A mechanical aid or device that assists in setting a course or directing the motion either of one's hand or of an instrument one holds.
An instructional guide or reference to indicate a course of action in a specified situation, e.g., critical care guideline.
(gīd′wī″ĕr) A device used to enter tight spaces, e.g., obstructed valves or channels, within the body, or to assist in inserting, positioning, and moving a catheter. Guidewires vary in size, length, stiffness, composition, and shape of the tip. SEE: illus.
In osteopathic medicine the movement of a body part gently along its normal axis through its normal range of motion.
The use of deception, cunning, or trickery in order to accomplish something.
(gē-yan′bar-ā′) [Georges Guillain, Fr. neurologist, 1876–1961; J.A. Barré, Fr. neurologist, 1880–1967] ABBR: GBS. A rare autoimmune illness characterized by progressive, potentially fatal ascending paralysis, with loss of motor reflexes, ataxia, and paresthesias. There are three types: acute inflammatory demyelinating polyradiculoneuropathy (90% of cases), acute motor axonal neuropathy (AMAN), or motor and sensory axonal neuropathy (AMSAN). SYN: acute inflammatory demyelinating polyneuropathy.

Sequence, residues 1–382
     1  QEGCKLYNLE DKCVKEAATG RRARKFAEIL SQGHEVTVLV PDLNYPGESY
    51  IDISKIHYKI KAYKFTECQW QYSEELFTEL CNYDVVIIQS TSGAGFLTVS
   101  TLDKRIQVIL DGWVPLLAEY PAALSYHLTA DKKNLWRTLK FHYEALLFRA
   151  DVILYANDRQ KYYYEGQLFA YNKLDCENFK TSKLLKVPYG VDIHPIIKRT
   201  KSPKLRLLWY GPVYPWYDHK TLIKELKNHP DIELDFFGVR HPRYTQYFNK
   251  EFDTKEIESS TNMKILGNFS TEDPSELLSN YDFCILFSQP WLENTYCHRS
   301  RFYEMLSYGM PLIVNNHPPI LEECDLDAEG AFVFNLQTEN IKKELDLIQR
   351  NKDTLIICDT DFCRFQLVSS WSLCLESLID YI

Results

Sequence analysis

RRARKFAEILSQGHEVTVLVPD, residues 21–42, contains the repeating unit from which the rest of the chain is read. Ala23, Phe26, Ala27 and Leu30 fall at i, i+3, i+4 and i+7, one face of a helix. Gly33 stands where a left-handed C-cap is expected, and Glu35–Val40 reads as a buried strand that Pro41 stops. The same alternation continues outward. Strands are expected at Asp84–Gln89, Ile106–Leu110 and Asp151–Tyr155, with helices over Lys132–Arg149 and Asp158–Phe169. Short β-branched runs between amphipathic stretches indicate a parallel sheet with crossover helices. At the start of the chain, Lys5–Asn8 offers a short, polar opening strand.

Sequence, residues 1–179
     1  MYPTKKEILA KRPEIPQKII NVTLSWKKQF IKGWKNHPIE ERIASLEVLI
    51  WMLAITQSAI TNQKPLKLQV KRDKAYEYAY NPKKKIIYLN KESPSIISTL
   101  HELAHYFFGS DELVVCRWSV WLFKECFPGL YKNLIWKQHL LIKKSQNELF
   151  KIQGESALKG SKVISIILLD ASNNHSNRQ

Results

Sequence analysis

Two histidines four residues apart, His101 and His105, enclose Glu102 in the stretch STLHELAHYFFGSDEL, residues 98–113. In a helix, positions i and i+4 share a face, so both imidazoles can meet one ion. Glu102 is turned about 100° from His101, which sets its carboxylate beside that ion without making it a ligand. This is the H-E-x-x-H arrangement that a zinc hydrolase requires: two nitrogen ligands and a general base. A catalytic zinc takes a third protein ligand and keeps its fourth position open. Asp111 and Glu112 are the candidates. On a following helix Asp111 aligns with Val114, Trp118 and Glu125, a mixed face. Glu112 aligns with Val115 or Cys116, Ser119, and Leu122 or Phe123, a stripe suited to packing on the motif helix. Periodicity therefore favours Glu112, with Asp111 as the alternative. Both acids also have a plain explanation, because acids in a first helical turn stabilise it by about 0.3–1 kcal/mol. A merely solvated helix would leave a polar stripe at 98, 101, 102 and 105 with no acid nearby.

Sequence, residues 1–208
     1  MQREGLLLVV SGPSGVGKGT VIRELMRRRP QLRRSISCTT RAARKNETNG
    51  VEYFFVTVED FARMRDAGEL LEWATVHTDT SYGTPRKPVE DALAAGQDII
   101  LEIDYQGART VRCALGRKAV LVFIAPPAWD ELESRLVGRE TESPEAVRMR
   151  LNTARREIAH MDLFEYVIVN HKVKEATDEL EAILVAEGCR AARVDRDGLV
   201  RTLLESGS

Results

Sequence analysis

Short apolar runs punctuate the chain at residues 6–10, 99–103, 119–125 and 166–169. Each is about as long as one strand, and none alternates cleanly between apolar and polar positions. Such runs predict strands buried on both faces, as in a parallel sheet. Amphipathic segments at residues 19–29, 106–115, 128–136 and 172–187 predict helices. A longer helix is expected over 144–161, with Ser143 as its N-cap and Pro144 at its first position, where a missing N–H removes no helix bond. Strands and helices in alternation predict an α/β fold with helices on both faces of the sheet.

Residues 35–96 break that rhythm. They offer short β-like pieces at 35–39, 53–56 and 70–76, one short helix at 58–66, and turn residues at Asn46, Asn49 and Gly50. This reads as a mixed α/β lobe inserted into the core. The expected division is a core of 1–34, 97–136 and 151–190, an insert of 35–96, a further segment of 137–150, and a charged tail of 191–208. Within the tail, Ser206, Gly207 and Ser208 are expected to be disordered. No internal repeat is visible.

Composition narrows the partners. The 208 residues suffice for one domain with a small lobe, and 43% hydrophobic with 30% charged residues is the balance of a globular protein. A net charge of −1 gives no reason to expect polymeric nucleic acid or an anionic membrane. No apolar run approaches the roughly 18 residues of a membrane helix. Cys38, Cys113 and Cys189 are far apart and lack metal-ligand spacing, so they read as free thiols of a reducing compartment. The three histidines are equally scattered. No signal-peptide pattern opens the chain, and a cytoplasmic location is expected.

INCIDENCE: GBS affects about 1 or 2 people per 100,000 population
CAUSES: Destruction of myelin in peripheral nerves is the proximate cause. The disease typically occurs a few weeks after an upper respiratory infection, a bout of gastroenteritis, or in some instances, a vaccine. AMAN and AMSAN are more likely to occur after gastrointestinal infection with Campylobacter jejuni and may result from antibodies against gangliosides (anti-GM 1 antibodies). Other infections that sometimes precede GBS are cytomegalovirus, Epstein-Barr virus, Zika virus, or Mycoplasma pneumoniae infection. Some cases have occurred after other traumatic events, including snake bite, cardiac surgery, or antiviral therapy for hepatitis C virus infection.
DIAGNOSIS: Any patient with a bilateral, ascending paralysis should be considered as having GBS; other illnesses (such as tick-borne paralysis) may mimic the disease.
TREATMENT: Plasma exchange and/or intravenous immunoglobulin infusions help manage GBS.
IMPACT ON HEALTH: Recovery is spontaneous and complete in the vast majority of patients in several weeks or months, but it may take as long as several years. However, nearly a fifth of all patients have difficulty walking without assistance 6 months after infection.
PATIENT CARE: The patient is carefully assessed for evidence of impending respiratory failure, through the use of bedside spirometry. If the inspiratory force, vital capacity, or arterial blood gases deteriorate respiratory support is provided. Testing for thoracic sensation and monitoring and marking ...